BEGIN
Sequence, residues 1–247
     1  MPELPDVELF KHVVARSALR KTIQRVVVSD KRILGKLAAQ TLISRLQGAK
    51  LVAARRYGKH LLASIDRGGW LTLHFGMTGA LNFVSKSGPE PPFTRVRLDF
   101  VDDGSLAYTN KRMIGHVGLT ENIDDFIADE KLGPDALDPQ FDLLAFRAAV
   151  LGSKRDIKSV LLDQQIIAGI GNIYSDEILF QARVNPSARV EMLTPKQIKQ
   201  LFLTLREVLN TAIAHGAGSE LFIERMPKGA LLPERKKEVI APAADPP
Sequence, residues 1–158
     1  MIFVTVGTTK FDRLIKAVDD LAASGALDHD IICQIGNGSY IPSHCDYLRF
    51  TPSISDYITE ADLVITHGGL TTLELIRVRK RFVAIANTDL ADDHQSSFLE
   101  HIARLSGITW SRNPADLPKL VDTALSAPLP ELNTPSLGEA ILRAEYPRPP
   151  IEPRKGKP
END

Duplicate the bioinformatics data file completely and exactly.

Sequence, residues 1–247
     1  MPELPDVELF KHVVARSALR KTIQRVVVSD KRILGKLAAQ TLISRLQGAK
    51  LVAARRYGKH LLASIDRGGW LTLHFGMTGA LNFVSKSGPE PPFTRVRLDF
   101  VDDGSLAYTN KRMIGHVGLT ENIDDFIADE KLGPDALDPQ FDLLAFRAAV
   151  LGSKRDIKSV LLDQQIIAGI GNIYSDEILF QARVNPSARV EMLTPKQIKQ
   201  LFLTLREVLN TAIAHGAGSE LFIERMPKGA LLPERKKEVI APAADPP
Sequence, residues 1–158
     1  MIFVTVGTTK FDRLIKAVDD LAASGALDHD IICQIGNGSY IPSHCDYLRF
    51  TPSISDYITE ADLVITHGGL TTLELIRVRK RFVAIANTDL ADDHQSSFLE
   101  HIARLSGITW SRNPADLPKL VDTALSAPLP ELNTPSLGEA ILRAEYPRPP
   151  IEPRKGKP